FAO Regional Office for Europe and Central Asia

Armenia harmonizes forest monitoring system

In recent years, Armenia has gone through severe structural changes that have affected the forest sector. Forests, which were formerly under the auspices of the Ministry of Agriculture, are now the responsibility of the Ministry of Nature Protection, together with areas dedicated to nature conservation.

These changes allow for a harmonized and more efficient system for forest monitoring and management, and they create momentum for finalizing a national-level set of criteria and indicators for sustainable forest management. The set, which has been developed in recent years through a multi-stakeholder process, addresses forest-related topics such as the extent of the forest area, biological diversity, socio-economic impacts, and productive and protective functions. It strives to transparently measure Armenia’s progress in achieving national forestry targets, including the reduction of illegal logging and the protection of forests and forest lands, and thus it supports evidence-based policy making. The set of criteria and indicators also can go along with the development of a new national forestry program.

On 20–22 February 2019, more than 30 national forest sector experts gathered in Armenia’s capital, Yerevan, to review and finalize the criteria and indicator set at a workshop organized by UNECE and FAO. Armenia is part of the project “Accountability Systems for Sustainable Forest Management for the Caucasus and Central Asia,” funded through the United Nations Development Account, which supports several countries in this process.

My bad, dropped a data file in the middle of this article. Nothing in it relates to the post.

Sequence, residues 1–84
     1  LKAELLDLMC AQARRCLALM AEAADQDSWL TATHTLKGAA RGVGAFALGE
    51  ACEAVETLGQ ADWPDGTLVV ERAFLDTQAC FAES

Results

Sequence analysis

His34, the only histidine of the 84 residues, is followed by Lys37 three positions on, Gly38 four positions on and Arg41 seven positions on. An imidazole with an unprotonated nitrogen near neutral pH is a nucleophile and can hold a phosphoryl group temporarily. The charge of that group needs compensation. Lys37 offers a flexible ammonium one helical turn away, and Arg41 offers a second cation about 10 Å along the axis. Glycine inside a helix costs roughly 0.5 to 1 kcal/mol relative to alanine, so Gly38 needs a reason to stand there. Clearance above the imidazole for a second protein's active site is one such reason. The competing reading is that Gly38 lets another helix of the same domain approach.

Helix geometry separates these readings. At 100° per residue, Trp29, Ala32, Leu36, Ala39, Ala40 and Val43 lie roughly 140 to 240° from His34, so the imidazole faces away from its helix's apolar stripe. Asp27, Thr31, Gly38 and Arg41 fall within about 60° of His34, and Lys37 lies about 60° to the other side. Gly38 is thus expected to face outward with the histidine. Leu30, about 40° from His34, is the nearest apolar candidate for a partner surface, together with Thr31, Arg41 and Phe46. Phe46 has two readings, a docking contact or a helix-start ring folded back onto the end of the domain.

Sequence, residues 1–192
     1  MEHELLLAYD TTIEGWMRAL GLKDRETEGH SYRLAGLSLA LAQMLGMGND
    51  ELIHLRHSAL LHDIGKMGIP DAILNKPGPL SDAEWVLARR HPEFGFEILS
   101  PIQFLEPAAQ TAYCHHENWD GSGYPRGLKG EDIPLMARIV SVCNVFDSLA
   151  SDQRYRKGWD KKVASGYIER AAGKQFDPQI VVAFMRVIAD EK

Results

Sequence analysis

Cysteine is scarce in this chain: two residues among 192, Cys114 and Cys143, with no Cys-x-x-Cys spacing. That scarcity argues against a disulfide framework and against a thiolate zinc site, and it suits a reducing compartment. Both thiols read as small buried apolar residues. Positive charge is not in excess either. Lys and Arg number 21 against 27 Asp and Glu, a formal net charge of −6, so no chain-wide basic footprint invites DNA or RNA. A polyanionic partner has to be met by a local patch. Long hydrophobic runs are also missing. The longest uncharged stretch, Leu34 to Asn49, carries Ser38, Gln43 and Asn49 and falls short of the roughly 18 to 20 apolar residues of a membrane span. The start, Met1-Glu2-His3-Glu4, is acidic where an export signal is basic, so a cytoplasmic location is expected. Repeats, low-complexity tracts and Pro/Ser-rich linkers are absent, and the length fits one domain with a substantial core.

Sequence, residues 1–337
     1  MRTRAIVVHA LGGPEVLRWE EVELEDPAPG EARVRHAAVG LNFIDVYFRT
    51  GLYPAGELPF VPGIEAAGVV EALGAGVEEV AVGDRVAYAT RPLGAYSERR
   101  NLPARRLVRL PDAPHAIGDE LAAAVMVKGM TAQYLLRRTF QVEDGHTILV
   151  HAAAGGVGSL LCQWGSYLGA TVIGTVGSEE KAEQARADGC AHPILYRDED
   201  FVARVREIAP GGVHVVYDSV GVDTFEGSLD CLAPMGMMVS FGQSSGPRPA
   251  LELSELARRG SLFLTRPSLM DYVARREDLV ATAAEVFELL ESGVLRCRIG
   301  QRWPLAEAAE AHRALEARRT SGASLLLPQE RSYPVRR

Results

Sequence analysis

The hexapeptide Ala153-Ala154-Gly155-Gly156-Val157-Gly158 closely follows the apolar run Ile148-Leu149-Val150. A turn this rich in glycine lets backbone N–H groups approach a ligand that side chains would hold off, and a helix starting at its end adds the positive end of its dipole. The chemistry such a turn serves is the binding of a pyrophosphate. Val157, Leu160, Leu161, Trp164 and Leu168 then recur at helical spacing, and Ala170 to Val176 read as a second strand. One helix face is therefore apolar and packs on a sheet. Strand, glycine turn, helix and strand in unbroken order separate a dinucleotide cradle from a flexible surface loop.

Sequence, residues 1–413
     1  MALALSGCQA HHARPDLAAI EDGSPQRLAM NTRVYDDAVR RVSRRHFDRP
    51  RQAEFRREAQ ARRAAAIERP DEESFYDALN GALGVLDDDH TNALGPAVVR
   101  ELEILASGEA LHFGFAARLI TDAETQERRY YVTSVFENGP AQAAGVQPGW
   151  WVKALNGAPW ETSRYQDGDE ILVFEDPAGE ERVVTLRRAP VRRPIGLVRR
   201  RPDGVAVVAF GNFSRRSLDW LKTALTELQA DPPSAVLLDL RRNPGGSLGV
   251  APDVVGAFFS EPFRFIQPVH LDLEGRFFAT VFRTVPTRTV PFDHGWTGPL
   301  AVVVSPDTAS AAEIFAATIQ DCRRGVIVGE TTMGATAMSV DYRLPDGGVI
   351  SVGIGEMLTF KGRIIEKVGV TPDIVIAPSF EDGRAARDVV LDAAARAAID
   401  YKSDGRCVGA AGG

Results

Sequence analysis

“The results of this workshop can make a significant contribution to the positive changes that have taken place in Armenia aiming to increase accountability and transparency in the forest sector,” said Vahe Matsakyan, deputy chairperson of the Committee of Forests in Armenia’s Ministry of Nature Protection.

In 2017, Armenia ratified the Paris Agreement, committing, among other things, to increase its forest cover to 20.1 percent by 2050.

For several years, remote sensing technologies have been used to monitor forests in Armenia. As a result, information about forests is regularly updated and accessible, allowing for the drawing of conclusions about the country’s historical forest situation. This information is used, inter alia, to monitor and manage forest fires and changes in forest areas and ecosystem health.

“It is crucial to create a functioning forest monitoring system to allow an assessment of the progress and quality of restoration efforts,” said Ekrem Yazici, deputy head of the UNECE/FAO Forestry and Timber Section.

By developing a national-level criteria and indicator set, Armenia follows about 23 countries who are already using this approach, which promises to enhance discourse and communication on sustainable forest management.

22 February 2019, Yerevan, Armenia